Today I'm going to show you how I make refried beans in the slow cooker. I have a little helper assisting me today. I'm going to use 1 pound of dried beans, a big bowl for rinsing, a colander, water, nonstick cooking spray, my big 5 quart Crock Pot, inversion blender, and some seasonings.
First we need to rinse the beans. I like to do this by placing the colander inside the bowl, pouring the beans into the colander, and then adding the water. This way I don't have to pour the beans and water mixture through the colander. I just lift the beans and colander out of the water. While you're rinsing, check for any pebble or dirt lump imposters trying to hide in the beans.
If you're smart and you plan ahead (and I didn't) you will let these beans soak in this bowl with about 6 cups of water overnight. This will greatly reduce your cooking time. If you didn't plan ahead (like me) then you will skip this step.
Now we prepare the crock by spraying the inside with nonstick stuff. I think the best option would be to use some olive oil in one of those re-usable cooking spray bottles to avoid the propellants in this canned stuff. You will thank me for this step later when you have to clean the crock.
Pour the beans and 6 cups of water into the sprayed slow cooker. Crank that baby up to high and put on the lid. I recommend that you check it every hour just to make sure that there is enough water to cover the beans. The beans won't soften and cook if they dry out. If you planned ahead and soaked the beans overnight, you will only cook them for a couple of hours. If you didn't, like me, then you will need to cook them for 4-5 hours.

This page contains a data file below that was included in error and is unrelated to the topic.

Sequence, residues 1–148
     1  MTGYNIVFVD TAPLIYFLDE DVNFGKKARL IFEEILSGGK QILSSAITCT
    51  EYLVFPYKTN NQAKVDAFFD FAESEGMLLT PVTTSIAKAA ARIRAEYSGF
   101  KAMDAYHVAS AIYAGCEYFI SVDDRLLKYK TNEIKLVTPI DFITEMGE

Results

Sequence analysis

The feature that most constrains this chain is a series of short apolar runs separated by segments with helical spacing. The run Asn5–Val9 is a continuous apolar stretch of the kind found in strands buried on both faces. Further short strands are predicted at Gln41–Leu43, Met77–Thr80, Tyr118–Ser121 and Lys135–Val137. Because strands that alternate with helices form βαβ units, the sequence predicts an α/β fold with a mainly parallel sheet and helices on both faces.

The beans are done when they are soft and smushy. Now you have a decision to make: do I want my beans to be creamy and
fatty or slightly less creamy and no added fat? If you want them
creamy, pour off a little water and add in a couple tablespoons of
softened butter, olive oil, or for the traditionalist, melted lard. If you don't
want the fat, leave it the way it is.
Time to season! I put 2 tablespoons of taco seasoning and 1 teaspoon of sea salt in this batch. This is pretty bland. My 5 yo doesn't like spicy food. You can season it to your own preference. It's important though that you wait to season until the beans are done cooking. If you add salt to beans before they are finished, it will cause them to become tough.
This is where your inversion blender comes in very handy. You're going to use it to reach refried bean texture perfection. If you want your beans smoother and you feel like you've plateaued with the blender, try adding a tablespoon or two of water or oil and then blend again. I try to clean the blender right away so I don't have to scrub off dried-on bean guts.
Our little demonstration had made about 3 pounds of refried beans. That's way more than I need for my recipe. I'm going to freeze half of them for a month until I'm making Mexican food again. They do freeze and thaw well. If the thawed texture looks a little off, just give them a quick mix-up with the inversion blender.